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Review - Isaac Newton, The Last Sorcerer  - Michael White

 

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There are few scientists in history as well known as Isaac Newton. Not only did he put in place the laws of motion that would remain central to physical and mechanical development, he described the action of gravity, explained how white light was made up of a spectrum of colours, devised calculus, invented one of the best known forms of telescope and much more.

This book appears to give excellent insights into Newton's early life and the personality that drove him to produce such amazing work. However, it goes a little over the top in its assessment of how important alchemy was to Newton (there's no doubt he had an interest, but perhaps not such a burning one as this book suggests), giving a slant that perhaps owes more to the author that the great man.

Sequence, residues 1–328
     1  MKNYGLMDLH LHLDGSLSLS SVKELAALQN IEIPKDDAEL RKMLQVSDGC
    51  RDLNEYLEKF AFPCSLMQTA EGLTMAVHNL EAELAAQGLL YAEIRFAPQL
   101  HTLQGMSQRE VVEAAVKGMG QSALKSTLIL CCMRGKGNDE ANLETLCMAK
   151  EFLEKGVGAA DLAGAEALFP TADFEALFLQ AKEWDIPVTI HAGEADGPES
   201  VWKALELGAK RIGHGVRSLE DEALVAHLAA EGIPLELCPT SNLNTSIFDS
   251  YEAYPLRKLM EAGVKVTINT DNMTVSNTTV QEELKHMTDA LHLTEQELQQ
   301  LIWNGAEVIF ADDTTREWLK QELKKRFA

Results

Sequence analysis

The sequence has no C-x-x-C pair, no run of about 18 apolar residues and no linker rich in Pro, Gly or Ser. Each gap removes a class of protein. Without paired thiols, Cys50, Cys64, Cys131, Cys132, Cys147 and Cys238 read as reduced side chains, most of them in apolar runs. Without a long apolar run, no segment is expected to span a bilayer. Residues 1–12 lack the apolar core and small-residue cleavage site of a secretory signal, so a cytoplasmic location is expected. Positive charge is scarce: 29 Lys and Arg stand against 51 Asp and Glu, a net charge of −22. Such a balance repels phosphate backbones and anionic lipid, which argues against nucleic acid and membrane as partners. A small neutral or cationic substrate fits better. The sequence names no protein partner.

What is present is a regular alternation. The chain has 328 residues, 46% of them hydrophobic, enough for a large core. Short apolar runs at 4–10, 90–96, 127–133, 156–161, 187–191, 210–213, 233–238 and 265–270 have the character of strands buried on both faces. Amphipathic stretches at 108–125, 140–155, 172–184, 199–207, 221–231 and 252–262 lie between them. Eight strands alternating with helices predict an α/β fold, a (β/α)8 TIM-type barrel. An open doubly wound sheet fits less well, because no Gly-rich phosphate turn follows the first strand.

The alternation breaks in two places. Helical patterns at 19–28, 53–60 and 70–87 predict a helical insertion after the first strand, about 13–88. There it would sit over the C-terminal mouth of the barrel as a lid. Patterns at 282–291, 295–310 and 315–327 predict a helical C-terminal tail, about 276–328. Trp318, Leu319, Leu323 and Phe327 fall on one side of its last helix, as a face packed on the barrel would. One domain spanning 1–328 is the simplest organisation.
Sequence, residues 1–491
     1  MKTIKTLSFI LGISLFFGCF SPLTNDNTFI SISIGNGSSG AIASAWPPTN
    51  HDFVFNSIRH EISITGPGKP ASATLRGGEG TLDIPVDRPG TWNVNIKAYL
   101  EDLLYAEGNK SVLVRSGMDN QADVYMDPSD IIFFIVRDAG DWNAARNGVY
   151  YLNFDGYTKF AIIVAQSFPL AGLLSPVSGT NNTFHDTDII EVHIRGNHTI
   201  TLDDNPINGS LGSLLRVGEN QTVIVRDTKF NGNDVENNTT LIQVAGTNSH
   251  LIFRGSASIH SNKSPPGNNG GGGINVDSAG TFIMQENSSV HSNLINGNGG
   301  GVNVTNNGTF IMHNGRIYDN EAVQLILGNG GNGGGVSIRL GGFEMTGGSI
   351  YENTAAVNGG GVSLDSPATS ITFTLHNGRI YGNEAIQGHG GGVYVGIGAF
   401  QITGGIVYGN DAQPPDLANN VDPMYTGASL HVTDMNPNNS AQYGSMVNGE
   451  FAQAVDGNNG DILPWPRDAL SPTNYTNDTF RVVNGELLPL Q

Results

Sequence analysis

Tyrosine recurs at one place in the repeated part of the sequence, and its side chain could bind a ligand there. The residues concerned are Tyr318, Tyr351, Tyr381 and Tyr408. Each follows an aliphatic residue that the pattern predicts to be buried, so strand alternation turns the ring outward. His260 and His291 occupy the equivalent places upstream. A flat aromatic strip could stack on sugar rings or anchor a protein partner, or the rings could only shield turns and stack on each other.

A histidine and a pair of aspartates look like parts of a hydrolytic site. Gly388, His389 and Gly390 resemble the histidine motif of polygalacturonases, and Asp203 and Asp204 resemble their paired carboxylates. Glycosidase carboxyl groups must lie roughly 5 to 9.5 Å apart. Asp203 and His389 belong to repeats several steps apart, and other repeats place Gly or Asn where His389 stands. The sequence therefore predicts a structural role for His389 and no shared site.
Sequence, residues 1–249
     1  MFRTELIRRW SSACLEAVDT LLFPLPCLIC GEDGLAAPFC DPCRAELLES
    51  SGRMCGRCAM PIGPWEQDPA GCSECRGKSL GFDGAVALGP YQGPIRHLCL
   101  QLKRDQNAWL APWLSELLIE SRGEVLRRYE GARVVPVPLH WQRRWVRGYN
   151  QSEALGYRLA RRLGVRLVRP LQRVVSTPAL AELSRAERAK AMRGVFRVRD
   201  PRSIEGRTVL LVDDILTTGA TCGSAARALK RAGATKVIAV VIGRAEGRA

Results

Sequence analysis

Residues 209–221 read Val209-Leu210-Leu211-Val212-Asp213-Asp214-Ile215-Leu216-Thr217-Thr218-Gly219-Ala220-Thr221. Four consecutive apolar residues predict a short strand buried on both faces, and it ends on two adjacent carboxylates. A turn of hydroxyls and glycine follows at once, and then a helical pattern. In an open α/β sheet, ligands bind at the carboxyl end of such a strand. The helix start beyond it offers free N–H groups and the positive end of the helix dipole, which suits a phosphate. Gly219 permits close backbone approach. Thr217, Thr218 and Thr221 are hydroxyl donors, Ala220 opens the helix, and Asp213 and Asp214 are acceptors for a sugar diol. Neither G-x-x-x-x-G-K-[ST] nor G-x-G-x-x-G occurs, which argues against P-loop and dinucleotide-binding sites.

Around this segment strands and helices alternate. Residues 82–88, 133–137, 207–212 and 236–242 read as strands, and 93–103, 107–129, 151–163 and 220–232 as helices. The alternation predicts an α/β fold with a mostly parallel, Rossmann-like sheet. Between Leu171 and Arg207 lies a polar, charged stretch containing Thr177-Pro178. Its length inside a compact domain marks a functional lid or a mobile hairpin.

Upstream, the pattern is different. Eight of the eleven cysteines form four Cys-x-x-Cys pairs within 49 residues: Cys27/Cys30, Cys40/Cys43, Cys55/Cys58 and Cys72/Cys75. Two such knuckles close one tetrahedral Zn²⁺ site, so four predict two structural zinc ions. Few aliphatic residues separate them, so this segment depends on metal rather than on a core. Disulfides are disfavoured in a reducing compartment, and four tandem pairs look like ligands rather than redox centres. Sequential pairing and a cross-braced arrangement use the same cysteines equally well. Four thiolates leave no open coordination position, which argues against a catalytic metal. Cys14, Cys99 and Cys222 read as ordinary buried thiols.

Even so, you will certainly see a lot of Newton's personality, from mishandled youngster to evilly combative adult, coming through. If you find this interesting, check out Light Years, which puts his ideas on light into the context of the wider development of the understanding of light.

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Reviewed by Brian Clegg

 

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Last update 05 June 2007